Darvish Fades Again, Contreras Offers Surprising Explanation, Farrell's Inning, and Other Bullets

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Darvish Fades Again, Contreras Offers Surprising Explanation, Farrell’s Inning, and Other Bullets

Analysis and Commentary, Chicago Cubs News

Any day the Cubs have a chance to win a series is a good day. To do it in Colorado against a good Rockies team? That’d be just great. Especially with the scheduled off-day tomorrow. It’d be yet another looooong wait for baseball if the Cubs drop today’s game.

  • As for the game the Cubs lost last night, Yu Darvish’s meltdown in the 5th inning (the third time it’s happened already this season) will get a disproportionate volume of attention, and understandably so. After getting to two outs, and having already walked the number 7 hitter, Darvish walked the pitcher. Then it was hard hit, hard hit, walk, hard hit, hard hit, and Darvish’s day was done. It was striking after four great innings to start his night, albeit with a limited repertoire (he was once again EXTREMELY heavy on four-seamers and cutters) and limited movement (c’est la vie in Coors). You blinked, and it went from a great outing to a disaster.
  • This has been a narrative that has followed Darvish a bit in his career – that he cannot right the ship when things go a little wrong – and these three starts certainly won’t help to quell it. And neither will some surprising quotes after the game from Darvish and his young catcher, Willson Contreras:

  • Darvish ultimately disagreed with Contreras on that particular front, saying that he attacks every hitter the same way, but that’s somewhat beside the point, given that Darvish himself acknowledged that things went sideways on him in the 5th yet again when he faced adversity, and his catcher felt comfortable enough to say these things out loud. It’s important, before getting too deep in the weeds on quotes like these – and others that you can read here, here, and here – that we’re talking about two men for whom English is not their first language, recounting conversations they had with each other in the middle of a game, several hours later to English-speaking reporters asking questions (and, you can throw in an interpreter, too). So I don’t think this is a “holy crap, can you believe Contreras said that?” situation, and hopefully it’s not viewed that way by Darvish or anyone else.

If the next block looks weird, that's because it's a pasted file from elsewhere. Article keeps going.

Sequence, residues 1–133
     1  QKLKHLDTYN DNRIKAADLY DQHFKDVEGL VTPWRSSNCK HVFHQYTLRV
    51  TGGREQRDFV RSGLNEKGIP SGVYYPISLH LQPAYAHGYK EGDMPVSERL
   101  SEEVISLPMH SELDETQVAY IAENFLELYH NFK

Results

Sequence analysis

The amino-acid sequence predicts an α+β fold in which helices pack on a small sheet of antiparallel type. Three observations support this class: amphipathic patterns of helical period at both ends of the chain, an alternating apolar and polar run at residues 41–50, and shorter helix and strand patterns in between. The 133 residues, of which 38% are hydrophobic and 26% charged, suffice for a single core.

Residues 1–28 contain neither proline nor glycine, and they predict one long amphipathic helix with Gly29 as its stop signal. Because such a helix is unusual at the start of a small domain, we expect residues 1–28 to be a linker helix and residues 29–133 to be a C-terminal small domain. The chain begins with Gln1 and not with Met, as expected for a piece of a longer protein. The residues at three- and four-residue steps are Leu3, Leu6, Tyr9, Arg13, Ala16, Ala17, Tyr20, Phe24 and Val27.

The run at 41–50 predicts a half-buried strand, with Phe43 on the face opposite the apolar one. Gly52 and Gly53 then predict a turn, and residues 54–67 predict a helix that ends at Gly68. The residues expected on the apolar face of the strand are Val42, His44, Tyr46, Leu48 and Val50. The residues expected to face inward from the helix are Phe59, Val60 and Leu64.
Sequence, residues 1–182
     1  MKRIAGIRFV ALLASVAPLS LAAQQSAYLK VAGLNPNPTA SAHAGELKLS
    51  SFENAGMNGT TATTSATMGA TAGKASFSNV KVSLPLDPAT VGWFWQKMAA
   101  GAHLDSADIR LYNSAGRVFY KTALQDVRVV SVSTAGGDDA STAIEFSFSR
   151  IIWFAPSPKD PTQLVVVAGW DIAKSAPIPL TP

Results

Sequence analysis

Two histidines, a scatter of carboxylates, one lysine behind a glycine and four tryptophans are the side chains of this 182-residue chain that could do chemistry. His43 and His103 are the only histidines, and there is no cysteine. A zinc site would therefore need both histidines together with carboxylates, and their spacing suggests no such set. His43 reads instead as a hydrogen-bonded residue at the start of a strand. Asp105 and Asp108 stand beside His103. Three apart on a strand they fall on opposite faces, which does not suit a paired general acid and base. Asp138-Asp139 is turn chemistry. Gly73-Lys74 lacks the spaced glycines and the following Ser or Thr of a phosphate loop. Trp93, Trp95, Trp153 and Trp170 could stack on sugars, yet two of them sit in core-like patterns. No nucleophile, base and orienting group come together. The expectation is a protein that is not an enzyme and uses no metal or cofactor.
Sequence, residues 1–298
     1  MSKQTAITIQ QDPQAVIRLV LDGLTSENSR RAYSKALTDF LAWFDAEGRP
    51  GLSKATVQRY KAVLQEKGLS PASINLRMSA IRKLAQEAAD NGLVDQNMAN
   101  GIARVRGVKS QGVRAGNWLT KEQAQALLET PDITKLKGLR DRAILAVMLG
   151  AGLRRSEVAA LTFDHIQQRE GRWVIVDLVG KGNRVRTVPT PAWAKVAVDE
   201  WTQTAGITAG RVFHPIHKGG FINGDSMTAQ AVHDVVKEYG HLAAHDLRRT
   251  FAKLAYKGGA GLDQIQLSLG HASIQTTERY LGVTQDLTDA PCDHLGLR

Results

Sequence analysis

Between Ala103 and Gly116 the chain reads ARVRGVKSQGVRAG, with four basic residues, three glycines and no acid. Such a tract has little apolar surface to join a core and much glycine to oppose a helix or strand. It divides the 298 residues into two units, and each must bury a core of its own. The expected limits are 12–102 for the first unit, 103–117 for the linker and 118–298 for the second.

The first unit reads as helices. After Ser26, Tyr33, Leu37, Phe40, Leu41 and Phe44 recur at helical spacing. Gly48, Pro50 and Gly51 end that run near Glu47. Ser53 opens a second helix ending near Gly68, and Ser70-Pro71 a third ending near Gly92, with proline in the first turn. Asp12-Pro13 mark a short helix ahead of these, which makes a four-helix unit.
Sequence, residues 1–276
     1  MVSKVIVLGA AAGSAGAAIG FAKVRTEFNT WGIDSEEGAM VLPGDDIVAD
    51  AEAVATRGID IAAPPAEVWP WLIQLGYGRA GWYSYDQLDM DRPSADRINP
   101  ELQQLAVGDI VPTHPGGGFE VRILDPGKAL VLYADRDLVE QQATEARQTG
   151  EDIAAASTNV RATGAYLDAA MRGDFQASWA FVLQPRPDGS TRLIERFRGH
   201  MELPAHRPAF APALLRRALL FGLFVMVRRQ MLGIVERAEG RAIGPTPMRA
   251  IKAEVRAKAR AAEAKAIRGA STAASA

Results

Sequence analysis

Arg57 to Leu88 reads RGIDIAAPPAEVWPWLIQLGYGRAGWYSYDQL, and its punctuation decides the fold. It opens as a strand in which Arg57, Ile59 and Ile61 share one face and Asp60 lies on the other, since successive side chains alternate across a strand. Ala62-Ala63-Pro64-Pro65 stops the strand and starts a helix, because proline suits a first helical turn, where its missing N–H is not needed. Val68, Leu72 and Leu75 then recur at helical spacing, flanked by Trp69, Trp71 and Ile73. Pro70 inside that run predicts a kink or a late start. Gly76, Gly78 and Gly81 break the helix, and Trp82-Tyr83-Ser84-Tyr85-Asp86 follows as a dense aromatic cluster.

(Photo by Matthew Stockman/Getty Images)
  • As for what happened, well, you still have to keep the perspective of how few starts this is, and how few pitches it takes for things to blow up (at Coors Field, no less). I’m not sure what the game plan was, or why exactly Darvish completely cut out the hesitation in his delivery last night, but it’s not like it’s impossible that it was just a bad inning that got him at Coors, and there’s no grand narrative thread to weave through this and two other bad starts that each simply could have also been a thing (the conditions against the Braves were crappy, and he had a cramp in his hand against the Marlins). Let me be really clear: I’m not offering those things as excuses for the performance (because the performance has been *bad*). Instead, I’m simply saying it’s plausible that, after a long stretch of good starts later this year, we’ll look back and think, “Oh yeah, that’s what that was. Baseball’s weird in small samples, eh?”